Israel’s War Against Palestine: Documenting the Military Occupation of Palestinian and Arab Lands

Yitzhak Laor: Turning off the lights

6 October 2009

By Yitzhak Laor, Haaretz – 6 Oct 2009

Yitzhak Laor

Yitzhak Laor

A breath of fresh air accompanied the panic that gripped the Israeli establishment with the publication of the Goldstone report. The humane Israeli macho man with his wavy hair no longer appears on the cover of Life Magazine, but rather in the lists of the human rights organizations’ suspects, and in the future also perhaps in the international tribunal in The Hague. After years of total disdain for the international community, of violating laws and treaties while Israeli legal experts turn into a kind of public defense counsel for our generals, there are finally members of the military elite who can no longer travel to Switzerland to ski, or to the opera in Covent Garden, or to a high-tech exhibition in Spain, without first consulting their lawyers. And that’s a good thing.

David Ben-Gurion’s boastful slogan, “It’s not important what the Gentiles say, it’s important what the Jews do,” has always been part of the State of Israel. It not only gave permission to the defense establishment, including the Mossad, the army, and the nuclear research facility, but also supplied the public with the nationalist fervor that helped it unite around the idea, “the whole world is against us.”

Another of Ben-Gurion’s stupidities, “a light unto the nations,” from the days of the raids on Qibya in 1953 and the Gaza Strip, became over the years an extinguishing of the lights so no one would see and no one would know. In short, Pnina Sharvit-Baruch, who provided legal advice to the Israel Defense Forces in Gaza, was invited to teach law at Tel Aviv University while the real work of “a light unto the nations” was done by the Jewish judge Richard Goldstone. (To our legal experts who are now calling for “a commission of inquiry,” where were you during the war?)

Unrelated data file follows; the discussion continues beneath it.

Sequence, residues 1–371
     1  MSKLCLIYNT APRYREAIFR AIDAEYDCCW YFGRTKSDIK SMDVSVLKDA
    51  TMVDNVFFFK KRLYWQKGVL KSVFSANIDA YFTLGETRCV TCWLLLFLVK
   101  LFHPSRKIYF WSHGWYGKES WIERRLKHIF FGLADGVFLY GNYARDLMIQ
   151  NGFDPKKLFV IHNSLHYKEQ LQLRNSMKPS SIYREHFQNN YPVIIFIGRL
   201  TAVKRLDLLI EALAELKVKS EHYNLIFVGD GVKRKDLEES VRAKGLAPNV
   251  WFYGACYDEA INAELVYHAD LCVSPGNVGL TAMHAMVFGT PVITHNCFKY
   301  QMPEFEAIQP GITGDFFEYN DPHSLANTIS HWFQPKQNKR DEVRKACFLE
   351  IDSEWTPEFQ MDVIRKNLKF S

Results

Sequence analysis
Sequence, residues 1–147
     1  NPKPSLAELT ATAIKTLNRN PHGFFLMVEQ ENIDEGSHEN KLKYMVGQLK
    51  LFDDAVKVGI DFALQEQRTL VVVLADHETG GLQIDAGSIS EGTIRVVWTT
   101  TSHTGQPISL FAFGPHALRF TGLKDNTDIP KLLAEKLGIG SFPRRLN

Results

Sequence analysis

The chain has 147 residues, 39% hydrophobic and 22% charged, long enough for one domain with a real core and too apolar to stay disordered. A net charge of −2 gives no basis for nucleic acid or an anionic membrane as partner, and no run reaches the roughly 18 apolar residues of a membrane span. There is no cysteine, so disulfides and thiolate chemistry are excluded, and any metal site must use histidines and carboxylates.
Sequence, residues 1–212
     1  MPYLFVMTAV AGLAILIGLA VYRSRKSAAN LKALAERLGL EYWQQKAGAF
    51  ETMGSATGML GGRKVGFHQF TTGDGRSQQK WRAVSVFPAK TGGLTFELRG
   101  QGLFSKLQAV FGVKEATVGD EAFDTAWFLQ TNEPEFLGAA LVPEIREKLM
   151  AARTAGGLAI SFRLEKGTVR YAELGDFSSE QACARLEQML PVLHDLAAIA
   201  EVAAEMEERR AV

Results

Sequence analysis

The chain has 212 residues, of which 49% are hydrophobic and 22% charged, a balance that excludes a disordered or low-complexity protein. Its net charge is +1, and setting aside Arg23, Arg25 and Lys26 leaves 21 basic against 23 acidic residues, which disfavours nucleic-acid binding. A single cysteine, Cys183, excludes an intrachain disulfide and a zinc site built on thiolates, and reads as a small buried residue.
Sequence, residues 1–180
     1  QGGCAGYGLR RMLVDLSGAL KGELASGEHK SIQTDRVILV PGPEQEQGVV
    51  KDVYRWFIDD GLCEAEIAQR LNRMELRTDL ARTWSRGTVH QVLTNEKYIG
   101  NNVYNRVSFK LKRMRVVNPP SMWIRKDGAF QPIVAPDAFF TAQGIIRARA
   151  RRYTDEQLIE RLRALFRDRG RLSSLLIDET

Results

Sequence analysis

However, Ben-Gurion’s slogan was also false. Israel has always been dependent on what the world “says,” even now, with all its military might. Israel was born from a dramatic decision by the United Nations General Assembly but permitted itself to spit in the well only when many dozens of countries that had won their freedom joined the organization. That was when they were dismissed as being “unenlightened” and “not developed.” The world according to Israel was reduced to the former colonialist West, and it too was rejected by Israel with derision every time the occupation did not provide a good photo-op. With what excuse? Hypocrisy, of course, or anti-Semitism over the generations.

Over time, the West was reduced to the United States, which was reduced to the Israel lobby (which is very unpopular there), the military industries, the intelligence services and the Pentagon. In short, the world was reduced to what the military elite identified as its world. The “special ties” were seen as an achievement because, after all, Israel had made great efforts since its establishment to convince the United States that it was a strategic asset. Our democracy was sold merely as a wrapping for the main thing – we will do our work, which will also be your work.

If once upon a time Israel’s wars were planned according to the number of battle days left until the Security Council reached a decision, since 1967, the American veto has freed us even from this obstruction. The defense establishment learned that world public opinion can be based on pictures of atrocities, so the strategic concept of negative news ratings was developed. Gaza was closed to photographers and the war was planned for the saccharine season on Western television between Christmas and New Year’s.

To put it briefly, the bluff about “it’s not important what the world says” is once again blowing up in our faces. There is a world. Not all of it sells arms. Not all of it is hypocritical. Not all of it is anti-Semitic. There are good Jews who do not carry out each of the IDF’s orders. The time has come for us to equip ourselves with a few new examiners of reality.

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